Tuesday, February 21, 2012

A Walk Through Oregon City

I recently took a 4-5 mile walk through Oregon City for three reasons:

1) Enjoy nature 
2) Check out the local businesses
3) Have a date with my husband
4) Start getting ready for a marathon in October

Yes, I signed up for a marathon. My father-in-law assures me that anybody can do a marathon (walking). He also says there are only two ways your body pays for it: either before or after - either way it takes six months.  So I'm starting to make a down payment now via layaway, and it made for an interesting walk.

My starting and ending point was Clackamette Park. From there, I walked a loop upstream along the river toward the bridge, up through downtown Oregon city, past the old papermill and museum, and then back around to where I started. I kept an eye open for anything interesting, which for me includes plants, animals, vistas, and local businesses. 

On the plants and animal front, I was happy to spot a ruby throated hummingbird sitting on a barren tree and my first snowdrop (Galanthus nivalis) of the season. (BTW, if you've ever asked yourself what hummingbirds eat in late winter before there are any flowers, the answer is tree sap and pre-digested tree sap, which they steal from aphids.)  Since the river has been running a little high, the falls a little further upstream of the city were beautifully dramatic.

What I really noticed on this trip, however, were the local businesses. Downtown areas are not setup to navigate by car as easily as the local strip mall; however, they're a mecca for businesses that are interesting, independent, and local. I noticed, for example, a shop that sold vintage hats along side gourmet chocolate, a traditional arcade (complete with the old machines for Pacman, Centepede, and Tetris), a few antique stores, and a print shop that allowed a glass artisan to display his work in their window front.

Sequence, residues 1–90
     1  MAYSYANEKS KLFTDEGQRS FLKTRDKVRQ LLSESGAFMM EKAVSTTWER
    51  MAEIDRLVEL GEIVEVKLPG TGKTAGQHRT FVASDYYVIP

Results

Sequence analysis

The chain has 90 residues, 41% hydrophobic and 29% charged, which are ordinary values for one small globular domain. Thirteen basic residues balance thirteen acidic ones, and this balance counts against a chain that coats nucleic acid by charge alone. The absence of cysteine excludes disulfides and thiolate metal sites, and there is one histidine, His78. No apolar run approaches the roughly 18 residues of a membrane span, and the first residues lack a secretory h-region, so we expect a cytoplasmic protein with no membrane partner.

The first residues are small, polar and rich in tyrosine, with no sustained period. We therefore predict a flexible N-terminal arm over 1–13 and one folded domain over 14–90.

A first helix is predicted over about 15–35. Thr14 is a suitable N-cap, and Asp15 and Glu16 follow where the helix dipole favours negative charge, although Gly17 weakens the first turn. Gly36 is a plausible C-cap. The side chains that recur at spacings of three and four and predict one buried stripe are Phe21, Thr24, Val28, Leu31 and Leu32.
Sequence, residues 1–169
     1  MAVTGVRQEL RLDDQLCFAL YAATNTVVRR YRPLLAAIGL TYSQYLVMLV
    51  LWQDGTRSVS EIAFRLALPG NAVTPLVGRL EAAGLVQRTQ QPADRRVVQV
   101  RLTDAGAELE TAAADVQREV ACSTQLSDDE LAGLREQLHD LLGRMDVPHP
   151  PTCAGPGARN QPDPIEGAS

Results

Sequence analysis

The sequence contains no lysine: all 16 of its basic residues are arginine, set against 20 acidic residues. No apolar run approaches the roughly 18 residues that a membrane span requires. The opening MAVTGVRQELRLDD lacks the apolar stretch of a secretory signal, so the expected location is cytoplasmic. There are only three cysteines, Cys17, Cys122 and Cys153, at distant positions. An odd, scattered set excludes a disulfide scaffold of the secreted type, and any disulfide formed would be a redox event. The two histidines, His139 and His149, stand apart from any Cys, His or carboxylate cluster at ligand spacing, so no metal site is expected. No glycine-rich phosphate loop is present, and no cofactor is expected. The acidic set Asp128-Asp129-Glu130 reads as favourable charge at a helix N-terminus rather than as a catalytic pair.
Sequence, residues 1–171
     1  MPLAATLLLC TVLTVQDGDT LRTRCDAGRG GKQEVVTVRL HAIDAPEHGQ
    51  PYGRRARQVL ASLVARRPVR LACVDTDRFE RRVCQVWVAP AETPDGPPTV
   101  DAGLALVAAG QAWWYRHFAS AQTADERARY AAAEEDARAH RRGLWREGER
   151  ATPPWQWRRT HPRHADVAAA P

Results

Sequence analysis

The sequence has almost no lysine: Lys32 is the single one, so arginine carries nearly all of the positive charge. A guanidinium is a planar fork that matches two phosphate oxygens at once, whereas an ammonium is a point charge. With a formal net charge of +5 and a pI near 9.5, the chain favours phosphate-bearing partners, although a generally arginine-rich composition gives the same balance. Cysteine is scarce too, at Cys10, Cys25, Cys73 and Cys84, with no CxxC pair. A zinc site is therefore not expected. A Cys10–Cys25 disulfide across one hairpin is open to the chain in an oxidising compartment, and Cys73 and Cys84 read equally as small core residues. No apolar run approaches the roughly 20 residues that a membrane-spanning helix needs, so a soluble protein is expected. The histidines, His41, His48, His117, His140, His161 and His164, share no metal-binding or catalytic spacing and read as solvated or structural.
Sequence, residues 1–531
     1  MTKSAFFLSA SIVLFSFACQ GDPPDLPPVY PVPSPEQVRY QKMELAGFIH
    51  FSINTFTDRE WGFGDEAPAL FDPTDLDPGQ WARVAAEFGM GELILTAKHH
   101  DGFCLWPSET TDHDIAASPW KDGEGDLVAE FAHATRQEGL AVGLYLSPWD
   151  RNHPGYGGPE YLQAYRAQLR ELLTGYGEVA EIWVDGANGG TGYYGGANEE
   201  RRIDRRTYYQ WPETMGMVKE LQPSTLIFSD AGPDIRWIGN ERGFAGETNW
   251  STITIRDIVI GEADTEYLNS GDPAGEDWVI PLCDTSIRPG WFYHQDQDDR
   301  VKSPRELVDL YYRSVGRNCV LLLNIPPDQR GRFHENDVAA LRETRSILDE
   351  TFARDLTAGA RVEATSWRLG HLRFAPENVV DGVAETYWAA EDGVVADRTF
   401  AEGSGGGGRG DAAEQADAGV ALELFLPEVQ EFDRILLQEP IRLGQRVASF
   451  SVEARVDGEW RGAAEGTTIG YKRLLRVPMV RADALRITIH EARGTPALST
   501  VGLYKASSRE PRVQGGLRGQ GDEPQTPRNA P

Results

There were also two shops that I noticed due to their connection to the fiber arts: Wynona Studios and Seven Seas Canvas. I was able to talk to the owners of both, who were extremely friendly, and I was impressed with the work they've put into making a brick and mortar business work.

Wynona Studios is devoted to anything having to deal with knitting, yarn, or related fibers, and they are in their second year of business. The shop was full of wool roving, yarn, spinning wheels, and knitted items that are available for sale. It looks like a great place to check out a spinning wheel if you're thinking of getting one, and they feature new pieces monthly that local individuals have created up on their wall. In fact, I really liked the way they feature those pieces - they've installed gilded molding up on the wall, which becomes a frame for each piece.  

Canvas is great for highly detailed embroidery.
Seven Seas Canvas is devoted to making (and repairing) custom boat covers. There aren't many people who make custom boat covers in the US, and visiting his studio was a special treat for me: my parents (in Virginia) bought a cover for their Tazer sailboat from him (in Oregon) while I was in college.  To randomly happen upon his custom studio was delightful.

Although he focuses on making boat covers, he'll make almost anything with canvas. In fact when I wandered in, Chris Calvert, the sole proprietor, was working on a hammock. He was kind enough to show me his industrial sewing machine and a bit of how it worked. (I've read a lot about industrial sewing machines, but I've never been able to touch one before.) I was really impressed Chris and his willingness to take some of his time to answer my questions.

Given the amount of canvas that he goes through... he might be a really good source for buying it for my own projects. The next time I want to use high quality canvas (like nautical-grade quality), I think I'm going to contact him for a quote. Maybe he'll be able to give me a reasonable price for a few yards.  

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